And yet: you must pay the writers. It is nonnegotiable. Pay them whatever you can. But pay them, and when you can pay them more, pay them more. You and your friend went to [Fancy University]. I am sorry, but you have the connections to raise enough money for your project to provide compensation to the people who do the work. (If you can’t, then your project isn’t viable.) It is shameful that you chose instead to start publication without doing this, and I am not convinced you are trying very hard. Your website solicits donations by saying that even small donations will help you cover “server costs” without “ugly ads.” It does not mention donations going to pay writers, or an ambition to pay writers. It assumes that if you can cover server costs you can ethically publish. 

Let’s be extremely clear about why this is harmful: every day on the internet, there are countless publications producing content, all vying for eyeballs. Some of these places have paywalls and advertising (like the New York Times), or rely on subscriptions and donations (like Current Affairs). They do this because they have to raise revenue, and they have to raise revenue because they pay their writers. Now, if there are websites putting out high-quality content that do not pay their writers, and thus do not have to raise the same amount in advertising, paywalls, subscriptions, or donations as the rest of us, it makes it harder for those publications that are committed to the principle of compensation. Ads may be “ugly,” but if they are necessary to pay writers, then ads you must have. 

In other words, you are able to procure top quality writing talent and put the material out for free, but the editor of some other publication has to put writing behind a paywall because they are committed to paying for it. The audience for whose eyeballs we are competing will then feel less need to pay for content, because they can go to a free site rather than pay to go behind a paywall. Because you have exempted yourself from the basic principle “labor must be compensated” that some of us follow, you are able to compete more easily in the market, just as a builder who didn’t pay contractors could produce cheaper houses. You can provide a more visually pleasing alternative to the sites with the ugly ads in part because you need less revenue to operate, because you don’t pay people. You are only able to do this because the United States has allowed giant loopholes in minimum wage law. But a principled person does not take advantage of this. You should operate as if the kind of offer you have made is illegal, just as offering jobs for $2 an hour is illegal.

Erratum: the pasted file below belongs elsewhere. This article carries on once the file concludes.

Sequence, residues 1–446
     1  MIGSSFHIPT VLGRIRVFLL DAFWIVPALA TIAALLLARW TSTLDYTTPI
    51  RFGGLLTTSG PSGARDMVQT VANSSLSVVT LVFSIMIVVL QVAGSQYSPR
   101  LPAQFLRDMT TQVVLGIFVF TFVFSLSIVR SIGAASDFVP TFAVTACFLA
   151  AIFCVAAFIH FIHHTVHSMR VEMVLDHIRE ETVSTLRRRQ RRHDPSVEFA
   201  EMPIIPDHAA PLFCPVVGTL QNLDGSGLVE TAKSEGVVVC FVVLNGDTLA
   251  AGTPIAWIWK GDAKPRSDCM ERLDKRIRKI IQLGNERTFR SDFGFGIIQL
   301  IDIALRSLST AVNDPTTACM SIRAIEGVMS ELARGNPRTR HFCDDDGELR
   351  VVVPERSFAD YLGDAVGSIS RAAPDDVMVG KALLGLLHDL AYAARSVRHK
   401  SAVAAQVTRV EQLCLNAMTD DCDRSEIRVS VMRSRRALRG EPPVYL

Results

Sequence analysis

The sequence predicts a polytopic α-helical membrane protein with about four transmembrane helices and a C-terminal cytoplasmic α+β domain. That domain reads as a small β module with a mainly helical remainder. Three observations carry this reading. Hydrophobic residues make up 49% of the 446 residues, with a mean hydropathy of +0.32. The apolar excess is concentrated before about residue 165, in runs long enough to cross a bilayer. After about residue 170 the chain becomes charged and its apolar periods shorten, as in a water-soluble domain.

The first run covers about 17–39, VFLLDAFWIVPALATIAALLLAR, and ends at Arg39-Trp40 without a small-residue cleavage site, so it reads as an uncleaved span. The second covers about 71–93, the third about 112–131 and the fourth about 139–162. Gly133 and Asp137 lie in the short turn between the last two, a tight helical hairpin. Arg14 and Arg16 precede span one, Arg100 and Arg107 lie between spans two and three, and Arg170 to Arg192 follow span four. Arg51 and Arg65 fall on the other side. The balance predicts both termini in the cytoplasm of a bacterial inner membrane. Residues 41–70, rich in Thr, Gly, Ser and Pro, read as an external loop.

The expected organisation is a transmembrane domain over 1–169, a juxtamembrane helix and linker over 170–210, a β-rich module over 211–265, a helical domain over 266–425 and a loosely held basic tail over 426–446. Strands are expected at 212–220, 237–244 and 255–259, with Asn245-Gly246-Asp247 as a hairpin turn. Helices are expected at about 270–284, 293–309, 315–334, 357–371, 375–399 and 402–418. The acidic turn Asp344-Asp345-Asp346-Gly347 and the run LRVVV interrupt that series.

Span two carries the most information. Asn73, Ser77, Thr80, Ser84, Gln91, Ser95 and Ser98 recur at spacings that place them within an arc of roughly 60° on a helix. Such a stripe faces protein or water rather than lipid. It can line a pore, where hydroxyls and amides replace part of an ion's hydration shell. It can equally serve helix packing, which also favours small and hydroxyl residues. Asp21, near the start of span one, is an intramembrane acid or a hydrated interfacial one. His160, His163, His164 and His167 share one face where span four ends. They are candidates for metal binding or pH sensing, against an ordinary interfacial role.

If I accepted offers like yours, I would not only not be able to make a living, but I would contribute to the devaluation of writing that is making it impossible for freelancers to survive. Every day, by putting out work you have not paid for, you are hurting the writing economy and making it harder for the people who have to put things behind paywalls because they paid for them. It is shameful. Fortunately, we writers are less and less inclined to accept offers like yours, and it is only because we “hold the line” that we are able to bargain for higher wages. Those who are truly desperate might accept being paid in “exposure” out of necessity, and I can’t blame them, but those like me who have the privilege to take whichever gigs we like need to make sure we do not betray fellow writers by giving out good stuff for free. (With limited exceptions, like charitable causes or antiwar petitions.) I cannot accept your offer because to do so would be this kind of betrayal. 

Please do inform me when you have started compensating writers. (We writers have blacklists and I want to make sure you do not remain on one once your policy changes.) I will be glad to write for you then, and will produce something of the highest quality I can. Your project looks valuable and nothing I have said is meant to insult it. I would like you to succeed because we need the kind of rich intellectual exchanges you are trying to put together. But your unethical practice is very harmful and needs to be ended immediately. 

Best,

Nathan J. Robinson

Editor in Chief

Current Affairs

More In: Labor

Cover of latest issue of print magazine

Announcing Our Newest Issue

Featuring

Filled with endless wonders, as well as sensible commentary on war, the family, and the legend of Spartacus.

The Latest From Current Affairs